That said, isn’t it telling that despite the travails of said Independents and Others over the past year or two, it has had remarkably little impact upon their poll ratings – as seen most recently in the Sunday Independent Millward Brown poll at the weekend? It’s as if the electorate has weighed their issues and those of their competitors and still find the latter wanting. That’s fair enough, screwing up an entire economy isn’t something to be lightly dismissed. But it also suggests that if the Independents/Others can avoid the negative stuff as much as possible they’re probably in a very strong position indeed.
There’s also a nice little line in the article about that newish phenomenon ‘local area representatives’ being ‘wannabe councillors’. I’m trying to remember when I first saw the term used, and I figure it must have been six or seven years ago, but perhaps it has a longer pedigree than that. Yet it’s true too, the LAR is a sort of fiction. Well, not exactly, but it is a a formulation used by parties various to give a standing to prospective candidates and in fairness activists in advance of elections. What’s been entertaining has been to see FF forced to use it more broadly than before due to their – ahem – setback at the last local elections.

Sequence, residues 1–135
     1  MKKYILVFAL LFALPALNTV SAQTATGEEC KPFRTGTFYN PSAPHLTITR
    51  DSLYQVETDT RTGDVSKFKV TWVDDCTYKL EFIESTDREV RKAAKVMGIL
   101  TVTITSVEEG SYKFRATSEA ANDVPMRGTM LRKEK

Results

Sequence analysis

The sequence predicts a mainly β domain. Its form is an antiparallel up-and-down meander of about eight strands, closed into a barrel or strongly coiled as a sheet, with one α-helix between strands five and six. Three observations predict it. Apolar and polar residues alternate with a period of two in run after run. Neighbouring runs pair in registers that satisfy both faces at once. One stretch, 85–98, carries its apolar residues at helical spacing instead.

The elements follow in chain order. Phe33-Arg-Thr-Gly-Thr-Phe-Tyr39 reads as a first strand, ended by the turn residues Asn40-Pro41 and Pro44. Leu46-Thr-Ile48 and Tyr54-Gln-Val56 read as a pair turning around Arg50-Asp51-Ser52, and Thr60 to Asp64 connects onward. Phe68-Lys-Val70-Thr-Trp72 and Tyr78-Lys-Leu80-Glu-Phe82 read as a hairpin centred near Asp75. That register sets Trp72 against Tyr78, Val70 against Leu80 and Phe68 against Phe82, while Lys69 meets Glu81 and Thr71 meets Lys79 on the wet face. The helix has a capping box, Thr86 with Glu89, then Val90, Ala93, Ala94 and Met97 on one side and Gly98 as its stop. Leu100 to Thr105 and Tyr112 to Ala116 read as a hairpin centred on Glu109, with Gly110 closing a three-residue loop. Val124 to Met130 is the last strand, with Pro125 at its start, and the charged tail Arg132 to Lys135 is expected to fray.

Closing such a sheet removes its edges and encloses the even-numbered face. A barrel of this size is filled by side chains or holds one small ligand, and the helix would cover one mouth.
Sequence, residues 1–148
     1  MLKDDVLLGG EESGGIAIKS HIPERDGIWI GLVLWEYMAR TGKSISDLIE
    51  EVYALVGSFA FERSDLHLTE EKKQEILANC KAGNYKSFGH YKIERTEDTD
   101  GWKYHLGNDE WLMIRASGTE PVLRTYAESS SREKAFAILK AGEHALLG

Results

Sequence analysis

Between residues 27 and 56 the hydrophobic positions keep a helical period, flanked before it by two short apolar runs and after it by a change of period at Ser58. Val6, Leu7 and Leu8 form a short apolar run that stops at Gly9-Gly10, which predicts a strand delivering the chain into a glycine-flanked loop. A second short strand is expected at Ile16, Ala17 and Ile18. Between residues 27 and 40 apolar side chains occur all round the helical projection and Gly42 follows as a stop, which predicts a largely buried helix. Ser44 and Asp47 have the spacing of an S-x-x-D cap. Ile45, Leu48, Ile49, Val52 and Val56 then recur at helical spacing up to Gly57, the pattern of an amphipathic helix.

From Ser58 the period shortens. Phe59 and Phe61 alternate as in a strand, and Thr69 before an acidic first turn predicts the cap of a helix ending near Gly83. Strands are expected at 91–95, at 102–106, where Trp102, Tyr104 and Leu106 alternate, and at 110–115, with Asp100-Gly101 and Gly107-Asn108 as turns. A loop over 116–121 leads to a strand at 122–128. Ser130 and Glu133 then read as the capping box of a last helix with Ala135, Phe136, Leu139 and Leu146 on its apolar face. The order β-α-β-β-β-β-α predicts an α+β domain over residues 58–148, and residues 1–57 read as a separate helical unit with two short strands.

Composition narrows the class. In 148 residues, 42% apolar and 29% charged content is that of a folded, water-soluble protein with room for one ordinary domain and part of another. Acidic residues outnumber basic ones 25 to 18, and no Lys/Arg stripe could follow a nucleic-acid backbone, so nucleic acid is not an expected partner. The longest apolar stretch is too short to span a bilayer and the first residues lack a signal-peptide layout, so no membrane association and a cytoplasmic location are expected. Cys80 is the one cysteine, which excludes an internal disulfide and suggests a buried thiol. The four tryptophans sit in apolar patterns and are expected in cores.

Mind you, in a way many TDs are in a not dissimilar position. Because the new boundary changes for Dáil elections don’t take effect until the next election is actually called, so when you see Deputy X or Y with the name of an, as yet, almost hypothetical constituency on their PR material it is, in a sense, premature. Of course they have to do it, all those in Dublin Bay North or Donegal or Kerry, otherwise their new voters won’t recognise them come the day. Granted every Deputy is fighting the next election from the day of their victory at the previous one but, they’re not usually fighting the equivalent of another election in another constituency too.
By the way, is it me or have there been few – if any – voices raised talking about delay of local elections due to prevailing economic conditions as was seen in the 1980s/1990s? In an odd way I find that an hopeful sign. And I suspect that were any such proposal made it would be met with short shrift. The electorate, citizens, want their day. And the next one too.